A long, long time ago, an event called the COP26 summit took place in Glasgow.
There, nations gathered to talk about climate change, and pass worthy resolutions sounding the death knell for fossil fuels and the technologies that use them. Activists chanted, waved banners, and encouraged them on.
In parallel, fund managers and pension funds touted their own ESG credentials, proudly owning up to selling old-fashioned polluting businesses that they might have held for decades, and buying shares emblematic of a greener, brighter future.
It was remarkable demonstration of how — in a few short years — the attitude to what has become known as ESG issues (short for ‘environmental, social, and governance’) has changed the investment landscape.
Green is good. But warm is better.
Perennial Footsie stalwarts Shell (LSE: SHEL) and BP (LSE: BP), for instance, had come to be regarded as some sort of living dead: their balance sheets might be loaded with oil and gas fields, certainly, but these were surely assets in name only — full of oil and gas that would never be extracted. ‘Stranded assets’ was the term in use.
Turn the clock forward to today, and the picture is a little different. And you don’t need me to tell you why.
Oil and gas fields that companies were selling off have been retained. Shell has reversed its decision not to develop its Jackdaw gas field in the North Sea. It may yet change its mind regarding the as-yet undeveloped Cambo field off Shetland.
It’s the same all over Europe. Germany — which had planned to phase out the production of electricity from coal by 2030 — is now bringing mothballed coal-powered power stations back on-stream.
Those COP26 pledges? Keeping homes warm — and factories working — trumps greenery, it seems.
Unloved shares bounce back
Shares in Shell were changing hands at around 1,600p at the time of the COP26 summit. BP, 340p. Today, Shell shares are priced at 2,350p, and BP shares priced at 450p.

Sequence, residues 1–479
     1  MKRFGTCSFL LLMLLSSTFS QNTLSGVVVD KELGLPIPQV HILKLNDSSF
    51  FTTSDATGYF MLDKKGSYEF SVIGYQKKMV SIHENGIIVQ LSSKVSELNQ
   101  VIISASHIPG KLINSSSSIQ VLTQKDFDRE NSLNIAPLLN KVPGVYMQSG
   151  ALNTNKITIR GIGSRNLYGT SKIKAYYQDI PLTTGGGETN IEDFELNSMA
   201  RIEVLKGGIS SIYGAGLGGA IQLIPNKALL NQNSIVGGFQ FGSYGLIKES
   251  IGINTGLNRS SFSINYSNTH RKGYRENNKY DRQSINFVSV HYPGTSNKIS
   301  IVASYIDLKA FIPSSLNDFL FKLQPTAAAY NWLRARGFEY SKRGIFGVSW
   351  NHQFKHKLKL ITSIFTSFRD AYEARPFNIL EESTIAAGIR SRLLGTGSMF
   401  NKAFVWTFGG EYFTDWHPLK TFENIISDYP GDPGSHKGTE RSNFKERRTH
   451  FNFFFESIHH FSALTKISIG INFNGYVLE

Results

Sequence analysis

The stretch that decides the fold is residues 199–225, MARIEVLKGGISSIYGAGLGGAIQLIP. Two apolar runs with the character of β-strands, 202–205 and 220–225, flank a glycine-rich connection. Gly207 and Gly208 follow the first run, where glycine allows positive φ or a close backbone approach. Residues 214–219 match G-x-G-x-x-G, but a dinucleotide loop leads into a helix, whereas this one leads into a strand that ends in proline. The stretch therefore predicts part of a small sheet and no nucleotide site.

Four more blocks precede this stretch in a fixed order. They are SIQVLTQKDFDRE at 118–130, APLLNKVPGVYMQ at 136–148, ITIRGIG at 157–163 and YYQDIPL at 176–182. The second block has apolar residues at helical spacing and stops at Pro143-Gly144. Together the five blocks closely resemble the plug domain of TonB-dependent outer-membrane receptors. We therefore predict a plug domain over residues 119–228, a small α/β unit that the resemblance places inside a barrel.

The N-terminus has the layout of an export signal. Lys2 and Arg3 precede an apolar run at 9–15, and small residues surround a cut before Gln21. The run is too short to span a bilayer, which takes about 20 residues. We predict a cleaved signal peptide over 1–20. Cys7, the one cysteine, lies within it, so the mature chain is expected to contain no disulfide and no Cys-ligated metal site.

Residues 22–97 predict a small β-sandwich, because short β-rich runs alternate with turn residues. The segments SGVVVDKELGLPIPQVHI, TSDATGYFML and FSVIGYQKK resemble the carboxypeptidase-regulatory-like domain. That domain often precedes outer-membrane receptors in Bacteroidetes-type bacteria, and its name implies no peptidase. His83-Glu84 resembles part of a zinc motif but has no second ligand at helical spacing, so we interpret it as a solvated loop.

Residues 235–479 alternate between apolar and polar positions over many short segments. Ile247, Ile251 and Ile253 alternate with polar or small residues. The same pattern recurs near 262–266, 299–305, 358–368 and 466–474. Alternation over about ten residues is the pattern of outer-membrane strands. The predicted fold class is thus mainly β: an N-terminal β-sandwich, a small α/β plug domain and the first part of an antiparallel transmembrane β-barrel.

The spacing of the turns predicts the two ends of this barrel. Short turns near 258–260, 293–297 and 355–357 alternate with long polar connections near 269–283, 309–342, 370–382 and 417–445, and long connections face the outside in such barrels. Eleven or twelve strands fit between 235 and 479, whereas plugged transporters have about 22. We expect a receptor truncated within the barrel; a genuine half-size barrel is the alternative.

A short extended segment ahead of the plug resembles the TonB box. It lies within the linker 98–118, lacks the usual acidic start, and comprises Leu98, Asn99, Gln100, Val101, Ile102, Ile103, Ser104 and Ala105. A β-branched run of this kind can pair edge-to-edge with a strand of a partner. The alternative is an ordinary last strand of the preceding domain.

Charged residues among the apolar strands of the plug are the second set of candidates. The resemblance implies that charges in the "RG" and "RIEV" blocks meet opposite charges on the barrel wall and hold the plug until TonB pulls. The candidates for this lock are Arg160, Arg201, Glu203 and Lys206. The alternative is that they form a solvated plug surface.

Even perennially unloved Centrica (owner of British Gas) is in on the action, with its shares up 50% in a year.
‘Stranded assets’? I don’t think so. Nor do I think that we’ll see a return of that phrase any time soon. The ESG activists will hate it, but governments know that energy security is vital. There’ll be green energy projects aplenty — but the lesson has been learned: fossil fuels are a handy backstop.
And, obviously, the shares of green power providers have benefited too — Greencoat UK Wind is up almost 25% since COP26, for instance.
But — critically — they weren’t mispriced due to ESG concerns in the first place.
All those fund managers and pension trustees must be feeling pretty sheepish.
Play it again, Sam
We’ve seen this movie before, of course — and with some of the same stocks. Back in 2016, resources stocks in general came under the hammer: mining stocks, oil and gas stocks, and the engineering and support companies that supply such businesses.
The reason? Slowing China demand, which could possibly be permanent. Prices crashed.
But — as I’ve written before — the whole sector soon seemed massively over-sold, and I loaded up.
I bought into BHP at 596p, Shell at 1,295p, IMI at 773p, and Weir at 777p, for instance.
Current prices? At the time of writing, 2,230p, 2,345p, 1089p, and 1,4421p — and that’s in today’s fairly-awful market. IMI’s high point for the last year is 1,878p, for instance.
The moral: when a sector is mispriced, bargains abound — for those adroit enough to spot them.
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Malcolm owns shares in Shell, BP, Centrica, Greencoat UK Wind, BHP, IMI, and Weir. The Motley Fool UK has recommended Greencoat UK Wind, IMI, and Weir. Views expressed on the companies mentioned in this article are those of the writer and therefore may differ from the official recommendations we make in our subscription services such as Share Advisor, Hidden Winners and Pro. Here at The Motley Fool we believe that considering a diverse range of insights makes us better investors.